Miles O’Brien, Science Behind Bars
*An interesting environmental study that used prisoners as research assistants on how to best cultivate slow growing moss.

GrrlScientist, Science Saved My Soul
*A moving video on this universe, science, and finding meaning, with some anti-religion ranting thrown in for good measure

National Prescribing Center, Information Mastery 3 – Making Decisions Better
*A great online learning workshop for clinicians on making good decisions.

Bill Caraher, A Defense of Asynchronous Teaching
*Reflections on the best way to teach an online course and how asynchronous teaching allows for more flexibility for both students and professors.

Matt Thompson, Around the Ed
*Instead of the usual Around the Web posting at Savage Minds, Matt Thompson takes a look at the state of higher education in the U.S. Lots of good stuff.

Kevin Sieff, For Migrant Students, A Cycle of Dwindling Opportunities
*A look at some of the challenges migrant students face in obtaining an education.

Matt Might, The illustrated guide to a Ph.D.
*Great visual on how learning happens, and where grad students end up and the need for a big picture

Video Games

Dan Bull, Take Me to Oblivion
*A rap ode delivering an open letter to Bethesda, makers of Elder Scrolls IV: Oblivion. I heartily agree!! The words also capture what video games deliver to people.

Seth Schiesel, A Home System Leaves Hand Controls in the Dust
*Microsoft just released Kinext, a home entertainment system that doesn’t require hand controls but actually responds to voice and body commands!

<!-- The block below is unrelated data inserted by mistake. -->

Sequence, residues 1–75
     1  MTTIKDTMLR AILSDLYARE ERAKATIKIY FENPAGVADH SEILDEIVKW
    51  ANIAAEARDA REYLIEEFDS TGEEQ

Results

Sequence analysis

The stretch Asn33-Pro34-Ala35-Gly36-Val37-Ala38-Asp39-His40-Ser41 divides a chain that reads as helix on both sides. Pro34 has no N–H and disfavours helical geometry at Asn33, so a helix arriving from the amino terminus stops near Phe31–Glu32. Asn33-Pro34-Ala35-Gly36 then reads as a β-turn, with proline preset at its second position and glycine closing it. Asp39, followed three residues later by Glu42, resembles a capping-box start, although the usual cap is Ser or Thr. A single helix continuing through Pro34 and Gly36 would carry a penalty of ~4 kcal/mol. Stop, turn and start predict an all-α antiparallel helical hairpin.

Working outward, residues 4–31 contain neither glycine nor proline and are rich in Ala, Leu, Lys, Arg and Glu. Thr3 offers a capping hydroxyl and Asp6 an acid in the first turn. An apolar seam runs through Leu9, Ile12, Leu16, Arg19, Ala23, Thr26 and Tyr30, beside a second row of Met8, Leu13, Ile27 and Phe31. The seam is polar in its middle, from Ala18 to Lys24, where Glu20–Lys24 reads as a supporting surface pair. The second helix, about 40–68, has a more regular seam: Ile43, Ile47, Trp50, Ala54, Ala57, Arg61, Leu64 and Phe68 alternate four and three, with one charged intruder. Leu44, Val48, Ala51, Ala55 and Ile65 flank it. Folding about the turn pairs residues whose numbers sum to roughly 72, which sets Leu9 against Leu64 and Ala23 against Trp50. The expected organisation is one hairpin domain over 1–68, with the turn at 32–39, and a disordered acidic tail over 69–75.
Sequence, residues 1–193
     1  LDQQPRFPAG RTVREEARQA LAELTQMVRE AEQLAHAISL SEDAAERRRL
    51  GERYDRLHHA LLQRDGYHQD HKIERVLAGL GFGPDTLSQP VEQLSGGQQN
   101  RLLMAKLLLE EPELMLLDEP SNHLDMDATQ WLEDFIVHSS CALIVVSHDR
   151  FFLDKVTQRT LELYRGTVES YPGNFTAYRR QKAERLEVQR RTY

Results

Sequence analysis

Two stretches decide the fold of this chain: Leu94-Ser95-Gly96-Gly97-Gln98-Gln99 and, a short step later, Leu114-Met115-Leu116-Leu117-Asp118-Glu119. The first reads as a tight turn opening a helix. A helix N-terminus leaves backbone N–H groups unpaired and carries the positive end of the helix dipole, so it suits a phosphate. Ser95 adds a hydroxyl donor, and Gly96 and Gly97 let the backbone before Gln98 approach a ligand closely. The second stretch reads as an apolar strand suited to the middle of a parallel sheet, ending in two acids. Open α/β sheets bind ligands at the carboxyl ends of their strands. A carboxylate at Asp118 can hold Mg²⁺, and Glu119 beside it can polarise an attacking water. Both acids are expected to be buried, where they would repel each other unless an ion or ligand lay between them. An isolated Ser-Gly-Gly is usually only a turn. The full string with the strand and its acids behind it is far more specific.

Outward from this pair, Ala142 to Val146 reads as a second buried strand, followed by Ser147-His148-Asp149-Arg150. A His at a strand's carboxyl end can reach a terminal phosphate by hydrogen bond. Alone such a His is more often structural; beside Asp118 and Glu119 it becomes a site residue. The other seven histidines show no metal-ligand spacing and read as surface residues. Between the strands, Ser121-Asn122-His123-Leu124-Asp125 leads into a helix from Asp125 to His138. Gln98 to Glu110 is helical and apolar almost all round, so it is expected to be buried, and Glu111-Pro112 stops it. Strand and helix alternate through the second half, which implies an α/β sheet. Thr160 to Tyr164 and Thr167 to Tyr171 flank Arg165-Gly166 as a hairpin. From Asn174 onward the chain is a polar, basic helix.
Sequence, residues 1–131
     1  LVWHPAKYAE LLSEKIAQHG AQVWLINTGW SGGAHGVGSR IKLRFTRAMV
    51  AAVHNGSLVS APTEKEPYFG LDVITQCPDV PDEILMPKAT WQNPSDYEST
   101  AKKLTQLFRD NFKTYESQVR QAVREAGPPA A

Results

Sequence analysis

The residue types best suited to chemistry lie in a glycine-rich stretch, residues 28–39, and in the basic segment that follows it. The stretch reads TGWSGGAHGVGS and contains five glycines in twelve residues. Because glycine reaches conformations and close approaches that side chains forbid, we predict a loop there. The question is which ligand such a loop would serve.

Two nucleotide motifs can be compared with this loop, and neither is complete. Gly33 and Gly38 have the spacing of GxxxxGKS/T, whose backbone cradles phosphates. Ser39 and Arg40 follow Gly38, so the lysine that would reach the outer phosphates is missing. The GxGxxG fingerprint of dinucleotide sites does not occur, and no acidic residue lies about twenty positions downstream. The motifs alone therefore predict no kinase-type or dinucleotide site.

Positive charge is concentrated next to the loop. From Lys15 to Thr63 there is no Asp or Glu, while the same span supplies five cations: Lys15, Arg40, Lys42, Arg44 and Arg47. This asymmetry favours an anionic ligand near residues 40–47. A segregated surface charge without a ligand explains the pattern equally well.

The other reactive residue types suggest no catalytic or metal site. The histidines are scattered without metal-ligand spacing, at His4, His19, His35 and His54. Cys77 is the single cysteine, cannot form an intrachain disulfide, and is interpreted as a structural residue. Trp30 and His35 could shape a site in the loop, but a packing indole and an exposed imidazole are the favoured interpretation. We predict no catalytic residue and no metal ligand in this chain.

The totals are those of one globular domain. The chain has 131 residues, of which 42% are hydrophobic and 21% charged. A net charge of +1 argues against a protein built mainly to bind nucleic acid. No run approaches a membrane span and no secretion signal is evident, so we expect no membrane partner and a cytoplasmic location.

Kokatu, The Problem with Microsoft’s New Way to Play Video Games
*Not everyone’s thrilled about the new Microsoft system and believe the lack of a controller takes away from the experience of playing video games.

Adam Liptak, Justices Debate Video Game Ban
*There maybe more stringent restrictions on the types of games sold to minors.
– The Supreme Court recently heard a case about a law in California that banned the selling of extremely violent games to anyone under the age of 18.

Kokatu, Highlights Of Today’s Big Supreme Court Video Game Case
*Read excerpts from the feisty exchange among the Justices and lawyers in the recent case involving the regulation of violent video games.

Leigh Alexander, Video Games Keep Tricking Us Into Doing Things We Loathe
*How games might get us to do activities we dislike, like running.

Tom Chatfield, 7 Ways Games Reward the Brain
*Interesting Ted talk on why we find games so entertaining.

Filip, Today I Die
*Check out this new iPhone app that’s a poem game, which won this year’s Independent Games Festival.

John Timmer, Good for Something: Tracking Social Influence Through Farmville
*There might be some redeeming qualities to the Facebook game Farmville in terms of gauging social connections.

Call Of Duty Black Ops Ad: Starring Kobe Bryant & Jimmy Kimmel
*The brand new Call of Duty just came out, and it looks like it might be the biggest launch in entertainment history. Here’s an overview of the game and its reviews. But what I want to show is the tv ad that played over the weekend – a “we play the game” rather than the “game itself” approach